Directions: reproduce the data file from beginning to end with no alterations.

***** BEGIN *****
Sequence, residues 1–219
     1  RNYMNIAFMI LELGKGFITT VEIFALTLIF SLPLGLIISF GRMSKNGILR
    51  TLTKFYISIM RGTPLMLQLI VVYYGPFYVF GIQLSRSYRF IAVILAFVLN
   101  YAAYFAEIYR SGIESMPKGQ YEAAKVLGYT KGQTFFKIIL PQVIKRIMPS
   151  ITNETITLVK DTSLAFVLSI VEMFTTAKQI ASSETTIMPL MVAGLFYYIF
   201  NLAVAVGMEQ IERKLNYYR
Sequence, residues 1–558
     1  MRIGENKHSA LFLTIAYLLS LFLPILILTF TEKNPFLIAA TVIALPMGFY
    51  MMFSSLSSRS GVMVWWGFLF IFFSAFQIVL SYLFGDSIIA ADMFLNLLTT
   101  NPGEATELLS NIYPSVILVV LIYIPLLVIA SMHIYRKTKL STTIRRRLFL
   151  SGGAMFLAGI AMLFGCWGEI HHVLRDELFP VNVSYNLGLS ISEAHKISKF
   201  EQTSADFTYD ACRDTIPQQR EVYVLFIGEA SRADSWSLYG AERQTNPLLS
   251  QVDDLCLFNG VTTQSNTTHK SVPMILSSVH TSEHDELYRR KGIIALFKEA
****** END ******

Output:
Sequence, residues 1–219
     1  RNYMNIAFMI LELGKGFITT VEIFALTLIF SLPLGLIISF GRMSKNGILR
    51  TLTKFYISIM RGTPLMLQLI VVYYGPFYVF GIQLSRSYRF IAVILAFVLN
   101  YAAYFAEIYR SGIESMPKGQ YEAAKVLGYT KGQTFFKIIL PQVIKRIMPS
   151  ITNETITLVK DTSLAFVLSI VEMFTTAKQI ASSETTIMPL MVAGLFYYIF
   201  NLAVAVGMEQ IERKLNYYR
Sequence, residues 1–558
     1  MRIGENKHSA LFLTIAYLLS LFLPILILTF TEKNPFLIAA TVIALPMGFY
    51  MMFSSLSSRS GVMVWWGFLF IFFSAFQIVL SYLFGDSIIA ADMFLNLLTT
   101  NPGEATELLS NIYPSVILVV LIYIPLLVIA SMHIYRKTKL STTIRRRLFL
   151  SGGAMFLAGI AMLFGCWGEI HHVLRDELFP VNVSYNLGLS ISEAHKISKF
   201  EQTSADFTYD ACRDTIPQQR EVYVLFIGEA SRADSWSLYG AERQTNPLLS
   251  QVDDLCLFNG VTTQSNTTHK SVPMILSSVH TSEHDELYRR KGIIALFKEA